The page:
Earlier this month, the Spanish Ministry of Energy proposed legislation that would tax owners of solar-plus storage systems $10 per kilowatt of capacity. The proposal has upset many people in the country.
The energy ministry website set up to collect comments on the proposed law crashed after more than 100,000 petition signatures and 34,000 formal objections had been sent in. Two days after the closing date for comments, an Avaaz petition to kill the law had surpassed 180,000 signatures and was continuing to grow.
A separate petition asking for the resignation of José Manuel Soria, the minister of industry, energy and tourism, had gathered 153,000 signatures.
Lawyers for Spain’s renewable energy sector said they hoped the email outage would force the government to extend the standard 15-day consultation period.
“We are going to ask them to extend the period for the same number of hours that the system has been down,” said Daniel Pérez, legal counsel for the renewables-focused pressure group Platform for a New Energy Model, in press reports. “There are organizations that still have not been able to send in their objections to the text, and if you have a public consultation period then you are legally obliged to respect it.”
Calculations from opponents show the law would increase the payback time for residential solar, which is already at grid parity in many parts of Spain, to 31 years. The penalties for adding battery storage are even higher.
This idea is hotly contested in other markets where utilities claim solar system owners aren’t paying enough for grid services. In practice, many studies find that net metering users are paying their fair share.
In Spain, Pérez told GTM: “200 megawatts of self-consumption will reduce [electricity system] revenues by €21 million [$23 million], which is 0.05 percent of the cost of the system.”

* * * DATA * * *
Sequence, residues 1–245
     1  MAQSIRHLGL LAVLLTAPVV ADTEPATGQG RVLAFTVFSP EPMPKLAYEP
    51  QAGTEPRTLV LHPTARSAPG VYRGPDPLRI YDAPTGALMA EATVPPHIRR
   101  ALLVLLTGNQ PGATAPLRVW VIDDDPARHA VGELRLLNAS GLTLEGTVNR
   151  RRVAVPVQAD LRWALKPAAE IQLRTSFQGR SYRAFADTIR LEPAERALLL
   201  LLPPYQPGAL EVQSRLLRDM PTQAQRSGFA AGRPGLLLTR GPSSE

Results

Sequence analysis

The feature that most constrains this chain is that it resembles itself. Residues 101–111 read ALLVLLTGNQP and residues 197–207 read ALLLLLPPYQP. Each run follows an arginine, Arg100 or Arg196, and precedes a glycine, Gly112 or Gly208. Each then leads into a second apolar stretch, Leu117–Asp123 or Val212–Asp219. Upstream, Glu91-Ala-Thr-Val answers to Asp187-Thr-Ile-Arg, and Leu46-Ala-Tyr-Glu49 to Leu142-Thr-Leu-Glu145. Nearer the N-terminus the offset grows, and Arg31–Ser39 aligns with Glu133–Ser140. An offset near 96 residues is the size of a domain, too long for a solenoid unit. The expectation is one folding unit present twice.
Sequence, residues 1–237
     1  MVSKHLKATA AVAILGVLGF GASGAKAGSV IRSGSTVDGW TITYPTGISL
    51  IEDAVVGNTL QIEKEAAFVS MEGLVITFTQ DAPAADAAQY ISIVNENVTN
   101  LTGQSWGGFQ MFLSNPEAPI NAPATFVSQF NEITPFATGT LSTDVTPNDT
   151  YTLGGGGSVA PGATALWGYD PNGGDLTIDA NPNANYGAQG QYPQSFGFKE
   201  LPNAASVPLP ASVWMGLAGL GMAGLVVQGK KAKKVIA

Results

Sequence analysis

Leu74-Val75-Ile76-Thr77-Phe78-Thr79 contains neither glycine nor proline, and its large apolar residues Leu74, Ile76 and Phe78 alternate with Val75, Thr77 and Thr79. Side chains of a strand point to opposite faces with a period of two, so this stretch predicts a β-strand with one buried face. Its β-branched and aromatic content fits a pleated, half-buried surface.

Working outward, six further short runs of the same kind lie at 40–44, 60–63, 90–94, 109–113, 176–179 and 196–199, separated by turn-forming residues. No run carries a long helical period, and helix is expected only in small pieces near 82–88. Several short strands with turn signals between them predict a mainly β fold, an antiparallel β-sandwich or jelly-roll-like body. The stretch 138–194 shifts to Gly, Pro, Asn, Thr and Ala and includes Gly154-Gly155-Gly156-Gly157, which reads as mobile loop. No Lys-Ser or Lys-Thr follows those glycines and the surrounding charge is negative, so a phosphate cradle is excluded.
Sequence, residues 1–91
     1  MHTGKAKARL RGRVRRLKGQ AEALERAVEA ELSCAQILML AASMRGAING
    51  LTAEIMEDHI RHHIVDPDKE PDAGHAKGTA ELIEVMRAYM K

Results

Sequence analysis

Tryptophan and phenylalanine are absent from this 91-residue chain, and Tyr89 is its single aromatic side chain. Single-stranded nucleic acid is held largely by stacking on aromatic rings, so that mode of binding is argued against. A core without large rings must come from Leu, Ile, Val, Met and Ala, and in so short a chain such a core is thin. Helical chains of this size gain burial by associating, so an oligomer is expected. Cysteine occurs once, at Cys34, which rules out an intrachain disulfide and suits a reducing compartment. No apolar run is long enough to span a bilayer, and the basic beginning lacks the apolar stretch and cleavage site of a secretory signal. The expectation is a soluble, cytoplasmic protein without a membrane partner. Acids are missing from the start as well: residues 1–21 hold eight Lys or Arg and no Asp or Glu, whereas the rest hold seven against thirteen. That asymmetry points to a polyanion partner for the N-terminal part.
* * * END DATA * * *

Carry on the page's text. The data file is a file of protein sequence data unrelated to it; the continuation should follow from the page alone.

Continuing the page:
Nevertheless, the government appears convinced that self-consumption could imperil the Spanish grid, which so far seems to be coping fine with one of the highest renewable energy penetration rates in the world.
“In the case of a self-consumer connected to the grid, who is not paying for transport and distribution nor for the costs of services that other consumers pay for, those who are not in the self-consumption system will be financing the self-consumer,” wrote the government.
Piet Holtrop, senior partner at Pérez’s Barcelona-based law firm, responded: “The logic of the argument is that if you have simple self-consumption, you only abuse the grid a little bit, but if you use batteries you are more unsocial so you have to pay even more for it. It is a very wicked logic.”
For Holtrop and others, the law was a result of behind-the-scenes influence from the big five power companies. “The impact of self-consumption has been exaggerated by the utilities,” Pérez said.
Worries about cost-shifting are readily accepted across Spain because senior politicians have traditionally occupied well-paid jobs in the utility sector after leaving office.
The right-wing People’s Party (PP) currently has an absolute majority in parliament, so could in theory pass the self-consumption law even in the face of major public opposition.
However, this is an election year in Spain, and the PP’s credibility has been badly eroded during its last three and a half years in power. The party can’t afford to anger voters in the run-up to elections at the end of the year.
The PP’s previous self-consumption proposal, tabled in 2013, was credited with halting Spain’s distributed generation market, even though it was never passed.
Given the need to address the outcome of the public consultation, this new law could easily take five or six months to wend its way through Spain’s legal system. That would give the government plenty of time to decide whether to push the law through before or after the general election.
However, the threat of the law is already having an influence. Already, said Holtrop, “a lot of people think self-consumption is forbidden in Spain.”
Source: Greentech Media. Reproduced with permission.